Walter Sisulu Botanical Gardens bans balloons

Posted by Gabrielle Jacobs on 26 March 2019

The Walter Sisulu Botanical Gardens in Roodepoort, Johannesburg has taken a stand to ban all balloons from the national garden’s premises.

The reason? Balloons are made from plastic, and seeing that they don’t biodegrade naturally, this South African National Biodiversity Institute (SANBI) garden is taking action to prevent this hazardous material from posing threats to its wildlife and natural habitat.

From Monday 1 April, visitors to the Joburg garden will no longer be able to bring balloons when celebrating birthdays or having a festive function. The ban includes regular balloons that you can blow up yourself, as well as the big shiny ones that are first choice for inflating with helium. Even if you’re using balloons that claim to be biodegradable, they are generally attached to string or plastic sticks, another environmental no-no.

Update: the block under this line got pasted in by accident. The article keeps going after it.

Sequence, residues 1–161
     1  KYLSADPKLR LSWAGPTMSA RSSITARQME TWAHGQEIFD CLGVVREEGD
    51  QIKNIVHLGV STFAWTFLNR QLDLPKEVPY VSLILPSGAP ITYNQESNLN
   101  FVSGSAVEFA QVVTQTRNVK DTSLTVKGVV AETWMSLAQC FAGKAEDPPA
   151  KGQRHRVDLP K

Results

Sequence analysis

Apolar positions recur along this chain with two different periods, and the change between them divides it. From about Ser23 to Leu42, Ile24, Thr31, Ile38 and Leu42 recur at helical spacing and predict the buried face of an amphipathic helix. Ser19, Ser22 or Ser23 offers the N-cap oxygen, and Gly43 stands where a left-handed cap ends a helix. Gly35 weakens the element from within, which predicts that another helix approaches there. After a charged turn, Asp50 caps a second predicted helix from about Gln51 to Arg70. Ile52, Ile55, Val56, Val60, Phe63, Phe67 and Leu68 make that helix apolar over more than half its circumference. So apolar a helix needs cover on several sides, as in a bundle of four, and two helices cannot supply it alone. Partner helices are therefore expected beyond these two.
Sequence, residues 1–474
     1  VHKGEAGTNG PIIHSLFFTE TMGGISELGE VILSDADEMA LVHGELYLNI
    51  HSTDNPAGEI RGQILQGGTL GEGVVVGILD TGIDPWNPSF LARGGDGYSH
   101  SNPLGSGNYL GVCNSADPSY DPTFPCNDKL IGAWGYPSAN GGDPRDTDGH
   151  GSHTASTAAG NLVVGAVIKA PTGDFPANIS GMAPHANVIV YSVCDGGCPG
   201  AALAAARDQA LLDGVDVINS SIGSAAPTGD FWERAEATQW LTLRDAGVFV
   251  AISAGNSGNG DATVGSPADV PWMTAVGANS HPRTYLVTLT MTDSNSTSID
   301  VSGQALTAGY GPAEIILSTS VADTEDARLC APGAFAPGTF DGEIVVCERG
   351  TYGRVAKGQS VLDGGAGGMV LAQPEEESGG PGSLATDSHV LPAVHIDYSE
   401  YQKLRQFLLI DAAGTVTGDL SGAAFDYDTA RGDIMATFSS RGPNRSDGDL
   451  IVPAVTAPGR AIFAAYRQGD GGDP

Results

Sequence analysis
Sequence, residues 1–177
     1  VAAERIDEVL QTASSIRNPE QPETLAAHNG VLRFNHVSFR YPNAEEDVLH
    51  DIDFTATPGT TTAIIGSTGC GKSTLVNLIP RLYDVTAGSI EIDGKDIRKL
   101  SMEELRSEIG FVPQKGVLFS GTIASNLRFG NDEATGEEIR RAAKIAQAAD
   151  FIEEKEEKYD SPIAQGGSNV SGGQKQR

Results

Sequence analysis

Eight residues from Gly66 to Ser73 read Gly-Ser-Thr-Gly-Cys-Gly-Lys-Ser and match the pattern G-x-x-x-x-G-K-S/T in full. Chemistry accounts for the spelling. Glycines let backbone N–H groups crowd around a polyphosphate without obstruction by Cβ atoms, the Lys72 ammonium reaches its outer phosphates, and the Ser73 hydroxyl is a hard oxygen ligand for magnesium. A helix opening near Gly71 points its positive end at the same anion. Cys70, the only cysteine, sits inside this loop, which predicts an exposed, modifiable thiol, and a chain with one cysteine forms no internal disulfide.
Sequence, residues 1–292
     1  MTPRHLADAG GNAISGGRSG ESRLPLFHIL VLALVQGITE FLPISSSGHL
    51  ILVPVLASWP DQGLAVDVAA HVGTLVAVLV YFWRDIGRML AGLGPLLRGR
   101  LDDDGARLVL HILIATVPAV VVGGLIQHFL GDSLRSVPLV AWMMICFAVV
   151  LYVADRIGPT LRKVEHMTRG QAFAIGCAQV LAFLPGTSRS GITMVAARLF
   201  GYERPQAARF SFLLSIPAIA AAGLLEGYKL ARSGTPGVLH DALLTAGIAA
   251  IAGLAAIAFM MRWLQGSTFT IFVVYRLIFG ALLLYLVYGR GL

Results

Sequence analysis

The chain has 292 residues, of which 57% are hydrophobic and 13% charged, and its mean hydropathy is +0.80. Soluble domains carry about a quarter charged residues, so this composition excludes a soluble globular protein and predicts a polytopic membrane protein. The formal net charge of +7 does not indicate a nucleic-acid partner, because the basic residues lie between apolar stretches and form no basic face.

According to the Roodepoort Northsider, the garden curator, Xolelwa Mokoena, was behind the decision to make the change, and cited two important reasons.

‘Firstly, people bring balloons into the Garden but don’t take them back on the way out when they leave,’ Mokoena told the Roodeport Northsider. These abandoned balloons will eventually burst and break into smaller and smaller pieces to become microplastics, she explained.

‘Secondly, the small fragments are not biodegradable and thus pose a threat to the birds and animals in the Garden as they mistake the colourful bits for food.’

As yet, there are no serious penalties for offenders who do bring balloons, deflated or already blown up, into the gardens. Security guards at the Walter Sisulu Botanical Gardens will instead be instructed to prevent visitors with balloons from entering with their balloons. Mokoena said that a proper system with penalties and fines hasn’t yet been implemented, but if caught with a balloon, you’ll have to burst your own bubble to remain inside.


Images from Pixabay

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